SharePoint 2010: Remove existing reusable content items using PowerShell

This same PowerShell could be used for any other list to remove all of the items. I just needed it to remove the OOB reusable content.

[ps] $siteColTemp = Get-SPSite "http://yourSiteCollectionUrl"; $reusableContentList = $siteColTemp.RootWeb.Lists["Reusable Content"]; $reusableContentItems = $reusableContentList.Items; $reusableContentItemsCount = $reusableContentItems.Count; for($x=$reusableContentItemsCount-1;$x -ge 0; $x–){$reusableContentItems[$x].Delete();} [/ps]

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SharePoint 2010 SP1 Upgrade Error "Unable to create a Service Connection Point in the current Active Directory domain."

Full error: “Unable to create a Service Connection Point in the current Active Directory domain. Verify that the SharePoint container exists in the current domain and that you have rights to write to it.”

After installing SP2010 SP1, PSConfig failed and the log had the above error. I found that the timer service was stopped and restarted it. Retried install - no error.

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Time moves on. Google makes my extension irrelevant

And that’s a good thing! This morning while working to improve my extension for Google Calendar, I noticed that Google had added the ability to print multiple weeks or months straight from the Google Calendar.

So where does that leave my extension? Well… unpublished and deleted at this point. I don’t see any reason to still make the extension available, maintain it, etc. if you can get the same or better experience straight from Google Calendar.

I knew this would happen at some point. Heck - I was using Google’s own url to generate the printable calendar with a different date range than they were feeding in. A large part of me is glad that Google finally got around to putting this functionality in.

I’m experiencing a different subset of emotion though. It’s a new thing for me. A personal project of mine is no longer needed and is no longer free and available. The closest thing I can compare the emotion to is someone telling you your volunteer services are no longer needed (and they replaced you with some computer software). It’s really quite an odd feeling. Don’t understand me though, I’m very glad that Google put this in place. In fact - it’s about time!

As the extension is the only free project I’ve produced and supported, I feel a little empty without it. What a strange world this is… where developers feel attached to the code they’ve written and released for others’ enjoyment. Guess I’ll need to find something else to build and give away!

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Easy SharePoint 2010 warmup Script using PowerShell

This idea comes from Kirk Hofer’s blog, but modfied to use the SharePoint 2010 powershell commandlets and not care about specifying credentials in the script. I figured most people would just keep using the credentials specified in their scheduled task.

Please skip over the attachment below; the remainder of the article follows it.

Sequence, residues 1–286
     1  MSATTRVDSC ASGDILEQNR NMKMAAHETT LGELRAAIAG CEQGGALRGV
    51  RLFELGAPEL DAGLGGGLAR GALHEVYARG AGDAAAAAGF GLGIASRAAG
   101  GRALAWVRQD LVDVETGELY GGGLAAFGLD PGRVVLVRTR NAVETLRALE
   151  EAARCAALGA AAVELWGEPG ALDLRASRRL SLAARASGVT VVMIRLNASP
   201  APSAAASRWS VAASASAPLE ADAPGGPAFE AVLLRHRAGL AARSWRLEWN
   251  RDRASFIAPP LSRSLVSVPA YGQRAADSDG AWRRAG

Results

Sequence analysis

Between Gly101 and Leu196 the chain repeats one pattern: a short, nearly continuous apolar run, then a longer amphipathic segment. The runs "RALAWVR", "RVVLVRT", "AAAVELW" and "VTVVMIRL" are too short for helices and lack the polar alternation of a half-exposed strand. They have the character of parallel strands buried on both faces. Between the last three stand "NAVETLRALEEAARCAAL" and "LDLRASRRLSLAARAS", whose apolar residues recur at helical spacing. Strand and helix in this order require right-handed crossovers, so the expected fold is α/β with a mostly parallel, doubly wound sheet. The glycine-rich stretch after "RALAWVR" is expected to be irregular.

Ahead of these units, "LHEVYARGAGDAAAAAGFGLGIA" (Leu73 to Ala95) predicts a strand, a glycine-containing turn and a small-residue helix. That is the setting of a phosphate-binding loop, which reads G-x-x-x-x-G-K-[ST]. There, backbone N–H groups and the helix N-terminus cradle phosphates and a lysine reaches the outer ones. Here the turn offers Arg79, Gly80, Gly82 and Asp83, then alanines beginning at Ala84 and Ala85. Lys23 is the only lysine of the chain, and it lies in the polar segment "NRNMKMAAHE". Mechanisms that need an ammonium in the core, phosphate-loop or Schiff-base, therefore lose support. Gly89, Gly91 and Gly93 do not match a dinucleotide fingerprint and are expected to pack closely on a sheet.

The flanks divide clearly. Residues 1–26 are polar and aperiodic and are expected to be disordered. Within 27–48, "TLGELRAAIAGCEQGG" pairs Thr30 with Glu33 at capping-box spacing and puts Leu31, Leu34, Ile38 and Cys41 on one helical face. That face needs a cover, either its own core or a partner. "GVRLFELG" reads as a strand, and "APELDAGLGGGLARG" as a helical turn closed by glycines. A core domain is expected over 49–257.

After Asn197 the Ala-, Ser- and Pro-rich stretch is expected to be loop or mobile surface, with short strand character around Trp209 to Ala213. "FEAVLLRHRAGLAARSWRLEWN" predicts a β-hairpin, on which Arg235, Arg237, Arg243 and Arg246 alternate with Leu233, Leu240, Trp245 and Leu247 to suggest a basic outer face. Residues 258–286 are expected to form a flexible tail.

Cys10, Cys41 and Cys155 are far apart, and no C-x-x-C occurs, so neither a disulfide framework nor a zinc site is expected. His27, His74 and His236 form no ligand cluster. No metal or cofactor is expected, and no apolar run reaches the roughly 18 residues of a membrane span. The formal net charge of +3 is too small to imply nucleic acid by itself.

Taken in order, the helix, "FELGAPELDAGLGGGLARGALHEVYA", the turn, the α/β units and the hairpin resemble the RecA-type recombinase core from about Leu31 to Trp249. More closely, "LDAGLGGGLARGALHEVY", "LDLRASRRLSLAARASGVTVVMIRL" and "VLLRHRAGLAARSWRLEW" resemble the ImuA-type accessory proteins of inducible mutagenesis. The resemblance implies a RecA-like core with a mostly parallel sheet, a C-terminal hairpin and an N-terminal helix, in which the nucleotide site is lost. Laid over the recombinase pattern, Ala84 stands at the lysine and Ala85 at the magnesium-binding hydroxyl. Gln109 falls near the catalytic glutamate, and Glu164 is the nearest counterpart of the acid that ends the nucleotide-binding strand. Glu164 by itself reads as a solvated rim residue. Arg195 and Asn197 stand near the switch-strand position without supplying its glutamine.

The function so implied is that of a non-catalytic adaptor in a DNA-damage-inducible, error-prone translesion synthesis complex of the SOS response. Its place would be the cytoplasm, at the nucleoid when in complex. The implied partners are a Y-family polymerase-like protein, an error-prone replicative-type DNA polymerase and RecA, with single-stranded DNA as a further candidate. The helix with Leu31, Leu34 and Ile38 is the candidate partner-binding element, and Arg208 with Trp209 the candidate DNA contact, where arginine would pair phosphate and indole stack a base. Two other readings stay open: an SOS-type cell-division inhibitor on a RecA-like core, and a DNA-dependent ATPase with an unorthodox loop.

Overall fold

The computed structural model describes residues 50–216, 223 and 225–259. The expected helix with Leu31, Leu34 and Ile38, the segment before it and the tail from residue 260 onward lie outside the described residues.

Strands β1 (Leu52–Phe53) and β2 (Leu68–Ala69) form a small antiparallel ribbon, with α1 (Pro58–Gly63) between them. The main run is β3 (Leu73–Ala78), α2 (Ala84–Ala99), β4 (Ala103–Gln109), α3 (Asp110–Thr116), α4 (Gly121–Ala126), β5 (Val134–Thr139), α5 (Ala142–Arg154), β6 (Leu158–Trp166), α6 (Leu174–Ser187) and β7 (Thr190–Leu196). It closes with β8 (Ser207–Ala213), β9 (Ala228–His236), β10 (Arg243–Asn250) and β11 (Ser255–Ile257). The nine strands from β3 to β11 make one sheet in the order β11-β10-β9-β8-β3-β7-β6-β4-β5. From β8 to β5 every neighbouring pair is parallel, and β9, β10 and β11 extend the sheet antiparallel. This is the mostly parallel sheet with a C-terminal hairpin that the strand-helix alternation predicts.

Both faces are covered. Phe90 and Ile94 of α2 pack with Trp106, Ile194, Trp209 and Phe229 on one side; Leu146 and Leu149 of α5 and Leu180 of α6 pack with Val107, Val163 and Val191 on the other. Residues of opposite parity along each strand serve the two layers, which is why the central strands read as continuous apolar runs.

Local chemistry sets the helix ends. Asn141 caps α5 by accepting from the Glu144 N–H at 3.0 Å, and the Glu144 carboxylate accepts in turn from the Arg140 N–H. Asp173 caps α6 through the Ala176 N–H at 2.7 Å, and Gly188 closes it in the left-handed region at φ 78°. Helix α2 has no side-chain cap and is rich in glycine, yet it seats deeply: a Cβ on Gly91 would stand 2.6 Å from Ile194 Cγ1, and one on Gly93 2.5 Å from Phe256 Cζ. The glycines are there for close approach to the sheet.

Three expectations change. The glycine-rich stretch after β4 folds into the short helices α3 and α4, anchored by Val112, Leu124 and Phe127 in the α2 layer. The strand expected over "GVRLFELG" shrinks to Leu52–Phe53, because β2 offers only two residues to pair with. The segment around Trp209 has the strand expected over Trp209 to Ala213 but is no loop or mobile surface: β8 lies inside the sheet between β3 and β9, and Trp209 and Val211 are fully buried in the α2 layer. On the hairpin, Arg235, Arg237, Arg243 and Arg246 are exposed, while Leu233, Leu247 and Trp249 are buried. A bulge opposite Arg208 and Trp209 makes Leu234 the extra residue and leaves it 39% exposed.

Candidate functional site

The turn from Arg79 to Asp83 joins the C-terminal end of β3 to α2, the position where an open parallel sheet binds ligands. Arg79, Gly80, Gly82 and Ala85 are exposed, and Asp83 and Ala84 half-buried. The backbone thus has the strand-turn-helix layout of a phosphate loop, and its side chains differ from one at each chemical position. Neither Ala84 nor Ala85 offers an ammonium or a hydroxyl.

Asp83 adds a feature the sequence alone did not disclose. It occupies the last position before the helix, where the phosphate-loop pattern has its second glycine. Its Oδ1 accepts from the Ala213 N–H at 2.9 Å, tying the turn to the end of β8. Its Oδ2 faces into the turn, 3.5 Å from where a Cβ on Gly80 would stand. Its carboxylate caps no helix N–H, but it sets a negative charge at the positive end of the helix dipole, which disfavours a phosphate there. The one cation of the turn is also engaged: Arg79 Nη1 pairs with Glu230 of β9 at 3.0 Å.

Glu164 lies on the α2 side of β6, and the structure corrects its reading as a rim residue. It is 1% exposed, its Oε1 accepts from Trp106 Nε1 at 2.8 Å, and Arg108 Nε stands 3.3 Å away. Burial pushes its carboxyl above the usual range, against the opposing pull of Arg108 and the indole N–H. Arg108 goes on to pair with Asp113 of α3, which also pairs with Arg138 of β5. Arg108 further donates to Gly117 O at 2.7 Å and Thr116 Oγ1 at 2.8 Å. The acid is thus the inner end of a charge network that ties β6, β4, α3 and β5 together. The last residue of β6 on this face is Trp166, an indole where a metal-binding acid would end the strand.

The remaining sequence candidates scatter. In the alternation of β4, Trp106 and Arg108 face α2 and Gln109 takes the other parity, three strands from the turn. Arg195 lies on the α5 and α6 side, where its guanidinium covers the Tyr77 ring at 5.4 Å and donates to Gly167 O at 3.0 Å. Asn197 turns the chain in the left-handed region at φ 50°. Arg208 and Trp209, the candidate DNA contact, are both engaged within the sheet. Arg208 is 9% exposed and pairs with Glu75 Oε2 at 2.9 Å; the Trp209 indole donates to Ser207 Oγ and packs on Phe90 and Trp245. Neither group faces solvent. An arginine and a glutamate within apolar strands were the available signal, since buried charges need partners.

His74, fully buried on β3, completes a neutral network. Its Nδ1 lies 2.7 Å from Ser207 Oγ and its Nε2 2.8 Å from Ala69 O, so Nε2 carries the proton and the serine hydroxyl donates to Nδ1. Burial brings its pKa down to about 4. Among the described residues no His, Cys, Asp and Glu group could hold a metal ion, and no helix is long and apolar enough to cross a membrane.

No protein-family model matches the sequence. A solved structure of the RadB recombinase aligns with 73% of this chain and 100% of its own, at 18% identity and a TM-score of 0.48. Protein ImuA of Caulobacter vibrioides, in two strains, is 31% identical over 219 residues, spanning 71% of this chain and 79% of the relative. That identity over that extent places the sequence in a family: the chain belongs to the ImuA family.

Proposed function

The script loads the SharePoint plugin, enumerates the zones, and sends a request to each one.

Add-PSSnapin Microsoft.SharePoint.PowerShell;

function Get-WebPage([string]$url)
{
    $wc = new-object net.webclient;
    $wc.credentials = [System.Net.CredentialCache]::DefaultCredentials;
    $pageContents = $wc.DownloadString($url);
    $wc.Dispose();
    return $pageContents;
}

Get-SPAlternateUrl -Zone Default | foreach-object {
    write-host $_.IncomingUrl;
    $html = Get-WebPage -url $_.IncomingUrl;
}
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SharePoint 2010 Custom Action IDs for Site Settings page

Since the MSDN documentation for Default Custom Action Loacations and IDs is unreliable (they look to have copy+pasted the information from the SharePoint 2007 documentation), our only sure bet is to browse the file system and find the custom action IDs and groups ourselves.

I had need of this information today, and found the items from the site settings page located at: C:\Program Files\Common Files\Microsoft Shared\Web Server Extensions\14\TEMPLATE\FEATURES\SiteSettings\SiteSettings.xml

For those looking specifically for it, here is the custom action for “Delete this site”:

[xml] <CustomAction Id="DeleteWeb" GroupId="SiteTasks" Location="Microsoft.SharePoint.SiteSettings" Rights="ManageWeb,BrowseUserInfo" Sequence="40" Title="$Resources:core,SiteSettings_DeleteWeb_Title;" Description="$Resources:core,SiteSettings_DeleteThisSite_Tooltip;"> <UrlAction Url="_layouts/deleteweb.aspx" /> </CustomAction> [/xml]

If you’re looking for that custom action, you’re probably wanting to hide it. Here’s the xml you’ll need in your elements file:

[xml] <HideCustomAction Id="HideDeleteWeb" GroupId="SiteTasks" HideActionId="DeleteWeb" Location="Microsoft.SharePoint.SiteSettings"> </HideCustomAction> [/xml]

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